Listed below is information regarding three of this week’s most critical threats and preventative measures to lessen the chances of a breach:
1. Mabna Intrusion
2. Leaky etcd Servers
3. Atlanta City Government Breached
1. Mabna Intrusion
Malicious cyber actors have been detected from the Iran-based Mabna Institute. These threat actors were conducting numerous password spray attacks against organizations worldwide, including the United States. Password spray attacks work much like brute force attacks in that they bombard logins with different passwords, trying for one that works. Brute forcing can be halted, somewhat, but lockout functionalities; spray attacks circumvent this lockout functionality by trying only a few of the most common passwords against multiple user accounts.Common symptoms among victims included a lack of multi-factor authentication (MFA), missing preventative network activity alerts, and the permitted use of easy-to-guess passwords.
The Mabna threat actors mainly targeted organizations utilizing single sign-on (SSO) capabilities and cloud-based applications that use federated authentication protocols (Secure Shell, SSL/TLS, HTTPS, Kerberos). The malicious efforts seemed largely focused on Microsoft Office 365 (O365). Once a victim has been compromised, the threat actors would then use inbox synchronization to obtain unauthorized access to the organization’s email directly from the cloud; this would then allow them to download user mail to locally stored email files. Mabna could then also implement inbox rules for the forwarding of sent and received messages in email clients like MS Outlook.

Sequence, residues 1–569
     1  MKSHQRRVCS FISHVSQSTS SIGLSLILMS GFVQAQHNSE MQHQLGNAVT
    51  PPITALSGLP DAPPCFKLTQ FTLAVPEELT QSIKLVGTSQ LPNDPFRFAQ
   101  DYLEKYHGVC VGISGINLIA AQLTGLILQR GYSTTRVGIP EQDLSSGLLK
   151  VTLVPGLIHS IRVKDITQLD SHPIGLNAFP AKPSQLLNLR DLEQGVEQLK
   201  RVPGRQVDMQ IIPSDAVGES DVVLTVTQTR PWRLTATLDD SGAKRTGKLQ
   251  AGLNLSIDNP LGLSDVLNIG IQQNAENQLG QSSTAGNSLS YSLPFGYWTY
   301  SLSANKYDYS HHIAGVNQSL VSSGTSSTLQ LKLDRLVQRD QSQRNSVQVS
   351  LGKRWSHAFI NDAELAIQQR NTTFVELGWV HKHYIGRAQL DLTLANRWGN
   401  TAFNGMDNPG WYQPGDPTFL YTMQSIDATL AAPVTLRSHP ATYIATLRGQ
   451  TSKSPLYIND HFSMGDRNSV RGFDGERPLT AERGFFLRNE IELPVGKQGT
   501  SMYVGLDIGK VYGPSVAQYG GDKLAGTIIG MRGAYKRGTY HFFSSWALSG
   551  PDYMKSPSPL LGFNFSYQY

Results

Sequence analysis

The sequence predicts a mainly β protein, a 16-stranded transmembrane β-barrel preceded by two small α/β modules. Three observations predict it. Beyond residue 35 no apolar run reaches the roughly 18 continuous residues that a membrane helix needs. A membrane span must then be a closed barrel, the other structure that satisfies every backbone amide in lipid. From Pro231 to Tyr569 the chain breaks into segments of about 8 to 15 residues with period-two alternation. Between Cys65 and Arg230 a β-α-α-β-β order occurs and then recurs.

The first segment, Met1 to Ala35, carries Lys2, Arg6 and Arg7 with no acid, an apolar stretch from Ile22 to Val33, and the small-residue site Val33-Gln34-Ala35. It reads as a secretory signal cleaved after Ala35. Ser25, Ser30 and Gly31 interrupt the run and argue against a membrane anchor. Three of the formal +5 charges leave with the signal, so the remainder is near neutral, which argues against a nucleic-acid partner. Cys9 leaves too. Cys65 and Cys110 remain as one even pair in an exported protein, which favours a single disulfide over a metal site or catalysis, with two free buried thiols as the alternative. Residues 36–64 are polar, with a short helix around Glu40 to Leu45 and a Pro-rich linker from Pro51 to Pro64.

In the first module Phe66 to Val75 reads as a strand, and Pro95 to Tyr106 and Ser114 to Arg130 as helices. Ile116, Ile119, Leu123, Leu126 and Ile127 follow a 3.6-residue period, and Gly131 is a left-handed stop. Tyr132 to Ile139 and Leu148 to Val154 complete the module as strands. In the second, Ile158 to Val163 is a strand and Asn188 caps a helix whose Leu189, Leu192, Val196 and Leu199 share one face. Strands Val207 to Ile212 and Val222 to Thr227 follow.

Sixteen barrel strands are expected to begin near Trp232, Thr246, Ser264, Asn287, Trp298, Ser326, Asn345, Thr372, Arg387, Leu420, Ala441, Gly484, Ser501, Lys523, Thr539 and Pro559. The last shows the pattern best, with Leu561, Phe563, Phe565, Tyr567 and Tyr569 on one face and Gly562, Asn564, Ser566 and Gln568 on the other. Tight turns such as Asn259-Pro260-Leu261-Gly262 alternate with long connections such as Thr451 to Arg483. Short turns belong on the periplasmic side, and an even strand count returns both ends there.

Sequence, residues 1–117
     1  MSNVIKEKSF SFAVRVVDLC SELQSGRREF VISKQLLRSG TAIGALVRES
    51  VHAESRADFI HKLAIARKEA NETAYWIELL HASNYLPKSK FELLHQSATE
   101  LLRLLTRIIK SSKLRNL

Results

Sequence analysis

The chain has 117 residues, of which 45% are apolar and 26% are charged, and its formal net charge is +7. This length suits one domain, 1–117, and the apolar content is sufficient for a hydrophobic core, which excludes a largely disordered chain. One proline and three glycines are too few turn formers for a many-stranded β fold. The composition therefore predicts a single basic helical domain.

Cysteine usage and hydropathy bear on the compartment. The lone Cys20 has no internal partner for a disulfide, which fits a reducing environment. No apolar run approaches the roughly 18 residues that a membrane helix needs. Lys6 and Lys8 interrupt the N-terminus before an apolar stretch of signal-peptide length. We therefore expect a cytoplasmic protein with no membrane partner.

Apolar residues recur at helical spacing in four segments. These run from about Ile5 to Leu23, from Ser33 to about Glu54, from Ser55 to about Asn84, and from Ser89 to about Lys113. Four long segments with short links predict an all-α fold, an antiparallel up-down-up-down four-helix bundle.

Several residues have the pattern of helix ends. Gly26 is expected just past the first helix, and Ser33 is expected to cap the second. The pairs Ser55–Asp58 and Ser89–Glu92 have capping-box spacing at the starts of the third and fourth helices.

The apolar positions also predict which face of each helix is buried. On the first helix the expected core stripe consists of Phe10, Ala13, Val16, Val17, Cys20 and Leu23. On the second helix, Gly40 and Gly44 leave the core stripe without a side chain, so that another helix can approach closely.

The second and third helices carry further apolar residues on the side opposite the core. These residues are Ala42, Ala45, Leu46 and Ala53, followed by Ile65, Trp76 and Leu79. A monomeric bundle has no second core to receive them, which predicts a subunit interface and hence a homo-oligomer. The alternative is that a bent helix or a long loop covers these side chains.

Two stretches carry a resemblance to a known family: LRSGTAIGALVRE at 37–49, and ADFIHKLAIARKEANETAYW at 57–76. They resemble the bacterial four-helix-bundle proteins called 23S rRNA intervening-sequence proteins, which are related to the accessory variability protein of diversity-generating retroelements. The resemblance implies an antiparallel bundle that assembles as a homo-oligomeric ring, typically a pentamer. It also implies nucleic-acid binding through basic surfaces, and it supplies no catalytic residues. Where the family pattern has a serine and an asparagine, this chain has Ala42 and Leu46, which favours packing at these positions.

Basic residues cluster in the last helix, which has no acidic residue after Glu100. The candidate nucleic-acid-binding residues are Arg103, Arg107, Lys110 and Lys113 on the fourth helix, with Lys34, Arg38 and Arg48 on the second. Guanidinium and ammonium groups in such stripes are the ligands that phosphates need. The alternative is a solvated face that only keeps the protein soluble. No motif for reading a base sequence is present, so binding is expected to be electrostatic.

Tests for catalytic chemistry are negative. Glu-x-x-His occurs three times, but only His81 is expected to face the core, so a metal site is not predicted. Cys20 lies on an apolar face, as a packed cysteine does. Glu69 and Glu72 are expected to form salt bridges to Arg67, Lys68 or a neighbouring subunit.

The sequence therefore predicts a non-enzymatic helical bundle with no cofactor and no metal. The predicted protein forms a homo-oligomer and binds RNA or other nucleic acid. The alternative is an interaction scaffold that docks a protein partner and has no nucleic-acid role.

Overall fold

Mabna targets SSO simply because there is a single point of compromise, letting them access large amounts of intellectual property. A good sign that is indicative of a password spray attack would be a massive spike in attempted logons to the company portal or other web-based applications; also, employee logins from IP addresses that resolve out to locations that are inconsistent with their normal locations. We recommend the following:
- Enable and utilize MFA capabilities as an added layer of security.
- Review password policies to ensure the complexity of employee passwords. They should not be dubbed “easy-to-guess”.